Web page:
On noticing a lack of recognition of the role of African Americans in history books, son of slaves and Harvard University scholar, Dr. Carter G. Woodson (1875 – 1950), founded the Association for the Study of Negro Life and History in 1915, which later became the Association for the Study of African American Life and History (ASALH). One year later, he began publishing the Journal of Negro History now known as the Journal of African American History.
Encouraged by the support he received for these achievements, Woodson organized the first annual Negro History Week in 1926 in the second week of February coinciding with the birthdays of both Abraham Lincoln, referred to as “The Great Emancipator”, and Frederick Douglass, called the father of the civil rights movement. The 1976 bicentennial observance saw the renaming of the Week Black History Month, 26 years after Woodson’s death.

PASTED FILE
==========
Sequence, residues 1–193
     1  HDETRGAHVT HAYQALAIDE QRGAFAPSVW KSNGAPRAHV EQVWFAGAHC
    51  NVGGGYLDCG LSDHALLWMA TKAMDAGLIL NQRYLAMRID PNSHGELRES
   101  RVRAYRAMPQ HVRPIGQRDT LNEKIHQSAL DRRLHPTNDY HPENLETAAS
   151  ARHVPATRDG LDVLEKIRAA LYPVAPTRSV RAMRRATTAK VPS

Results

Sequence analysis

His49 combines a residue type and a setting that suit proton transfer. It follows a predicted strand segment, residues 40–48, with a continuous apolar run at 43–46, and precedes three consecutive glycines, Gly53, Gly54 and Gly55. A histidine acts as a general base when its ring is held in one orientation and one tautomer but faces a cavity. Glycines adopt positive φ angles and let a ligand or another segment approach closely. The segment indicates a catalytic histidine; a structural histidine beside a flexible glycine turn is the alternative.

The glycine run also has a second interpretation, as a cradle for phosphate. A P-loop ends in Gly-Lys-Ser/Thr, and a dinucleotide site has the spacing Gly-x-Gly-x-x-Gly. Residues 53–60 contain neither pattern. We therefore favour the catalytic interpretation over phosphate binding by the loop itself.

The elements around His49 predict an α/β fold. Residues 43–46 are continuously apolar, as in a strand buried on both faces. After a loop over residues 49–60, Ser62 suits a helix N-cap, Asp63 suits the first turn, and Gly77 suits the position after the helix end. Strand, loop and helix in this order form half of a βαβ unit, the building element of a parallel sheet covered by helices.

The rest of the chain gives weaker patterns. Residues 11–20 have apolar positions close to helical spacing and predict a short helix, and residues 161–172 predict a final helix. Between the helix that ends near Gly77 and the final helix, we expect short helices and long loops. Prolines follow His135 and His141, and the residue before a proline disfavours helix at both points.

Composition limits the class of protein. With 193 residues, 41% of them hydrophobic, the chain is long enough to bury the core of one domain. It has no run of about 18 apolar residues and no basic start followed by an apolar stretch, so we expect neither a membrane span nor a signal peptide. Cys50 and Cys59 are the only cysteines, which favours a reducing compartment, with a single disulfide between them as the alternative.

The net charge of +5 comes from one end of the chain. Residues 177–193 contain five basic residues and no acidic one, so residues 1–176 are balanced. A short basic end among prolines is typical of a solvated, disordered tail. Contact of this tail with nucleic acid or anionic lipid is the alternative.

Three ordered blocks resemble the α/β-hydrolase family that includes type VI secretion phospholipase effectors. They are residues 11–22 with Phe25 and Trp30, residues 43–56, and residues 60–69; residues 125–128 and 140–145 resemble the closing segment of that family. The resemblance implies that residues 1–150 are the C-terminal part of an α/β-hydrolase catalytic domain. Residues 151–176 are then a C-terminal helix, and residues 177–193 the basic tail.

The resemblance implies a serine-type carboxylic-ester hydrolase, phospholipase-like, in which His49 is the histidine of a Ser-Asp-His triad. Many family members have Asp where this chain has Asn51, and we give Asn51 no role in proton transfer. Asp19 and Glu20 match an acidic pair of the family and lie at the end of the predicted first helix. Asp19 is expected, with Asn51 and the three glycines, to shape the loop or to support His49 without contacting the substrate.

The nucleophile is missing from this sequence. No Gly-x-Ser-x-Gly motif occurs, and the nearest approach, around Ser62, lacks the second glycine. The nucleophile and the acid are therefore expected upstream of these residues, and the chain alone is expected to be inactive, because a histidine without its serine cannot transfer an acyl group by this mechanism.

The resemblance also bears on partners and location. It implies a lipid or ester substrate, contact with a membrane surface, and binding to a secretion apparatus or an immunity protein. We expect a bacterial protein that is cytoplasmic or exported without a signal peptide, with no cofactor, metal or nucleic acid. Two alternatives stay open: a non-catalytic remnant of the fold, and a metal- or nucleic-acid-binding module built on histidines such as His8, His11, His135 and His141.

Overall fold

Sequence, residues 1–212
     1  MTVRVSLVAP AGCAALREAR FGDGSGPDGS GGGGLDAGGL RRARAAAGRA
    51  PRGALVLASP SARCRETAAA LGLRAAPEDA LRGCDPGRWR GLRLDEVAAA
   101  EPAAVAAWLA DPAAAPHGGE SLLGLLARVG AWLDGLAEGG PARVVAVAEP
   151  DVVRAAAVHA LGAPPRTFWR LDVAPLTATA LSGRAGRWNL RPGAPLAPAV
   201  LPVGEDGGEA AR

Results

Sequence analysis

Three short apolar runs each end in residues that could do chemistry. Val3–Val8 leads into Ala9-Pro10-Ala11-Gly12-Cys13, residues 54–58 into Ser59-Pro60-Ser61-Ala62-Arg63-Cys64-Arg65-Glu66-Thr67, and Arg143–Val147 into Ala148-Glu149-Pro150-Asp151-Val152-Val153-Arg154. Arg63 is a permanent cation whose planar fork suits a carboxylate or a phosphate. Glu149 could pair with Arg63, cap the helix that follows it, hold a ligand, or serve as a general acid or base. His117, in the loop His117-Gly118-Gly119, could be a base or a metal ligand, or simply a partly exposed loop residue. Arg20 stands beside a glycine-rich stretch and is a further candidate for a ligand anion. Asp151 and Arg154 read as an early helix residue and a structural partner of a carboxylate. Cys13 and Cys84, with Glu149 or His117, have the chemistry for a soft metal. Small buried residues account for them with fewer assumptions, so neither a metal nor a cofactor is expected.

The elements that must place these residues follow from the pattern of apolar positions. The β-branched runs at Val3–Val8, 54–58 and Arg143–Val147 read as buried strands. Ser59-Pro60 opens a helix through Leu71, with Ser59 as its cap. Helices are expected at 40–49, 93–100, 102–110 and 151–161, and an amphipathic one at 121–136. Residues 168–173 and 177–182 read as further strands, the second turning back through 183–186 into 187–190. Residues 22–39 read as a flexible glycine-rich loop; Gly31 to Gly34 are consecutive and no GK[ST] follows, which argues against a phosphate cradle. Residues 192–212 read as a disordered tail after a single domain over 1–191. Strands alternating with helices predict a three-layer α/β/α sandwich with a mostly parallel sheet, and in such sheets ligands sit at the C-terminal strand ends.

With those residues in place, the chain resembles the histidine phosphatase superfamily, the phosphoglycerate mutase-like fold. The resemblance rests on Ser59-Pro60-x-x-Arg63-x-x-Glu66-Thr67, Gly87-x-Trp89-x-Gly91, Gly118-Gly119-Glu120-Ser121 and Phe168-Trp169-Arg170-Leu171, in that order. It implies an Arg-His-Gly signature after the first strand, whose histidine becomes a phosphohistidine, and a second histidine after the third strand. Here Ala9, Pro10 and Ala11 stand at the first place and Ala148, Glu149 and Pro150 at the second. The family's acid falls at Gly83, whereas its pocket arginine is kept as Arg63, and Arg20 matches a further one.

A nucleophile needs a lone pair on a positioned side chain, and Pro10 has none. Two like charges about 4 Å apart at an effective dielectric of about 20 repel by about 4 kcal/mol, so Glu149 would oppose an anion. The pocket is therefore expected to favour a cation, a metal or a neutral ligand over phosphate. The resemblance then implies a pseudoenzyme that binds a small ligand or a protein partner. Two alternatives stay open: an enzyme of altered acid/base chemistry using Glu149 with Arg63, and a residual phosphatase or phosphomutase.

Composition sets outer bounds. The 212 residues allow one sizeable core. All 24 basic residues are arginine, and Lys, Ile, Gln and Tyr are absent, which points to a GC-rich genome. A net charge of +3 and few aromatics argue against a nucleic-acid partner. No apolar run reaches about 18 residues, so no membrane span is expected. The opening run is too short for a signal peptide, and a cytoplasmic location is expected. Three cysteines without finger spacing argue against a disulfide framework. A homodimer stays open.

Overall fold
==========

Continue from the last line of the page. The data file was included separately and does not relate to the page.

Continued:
Reflecting on Woodson’s refrain that “If a race has no history, it has no worthwhile tradition, it becomes a negligible factor in the thought of the world, and it stands in danger of being exterminated.” the CU-Boulder Libraries celebrates Black contribution to America-building with a selection of materials under the theme: Hallowed Grounds: Sites of African American Memories. A display of materials is by the Circulation Desk on the second floor (west entrance) and can be freely checked out.
University of Colorado at Boulder Research and Expertise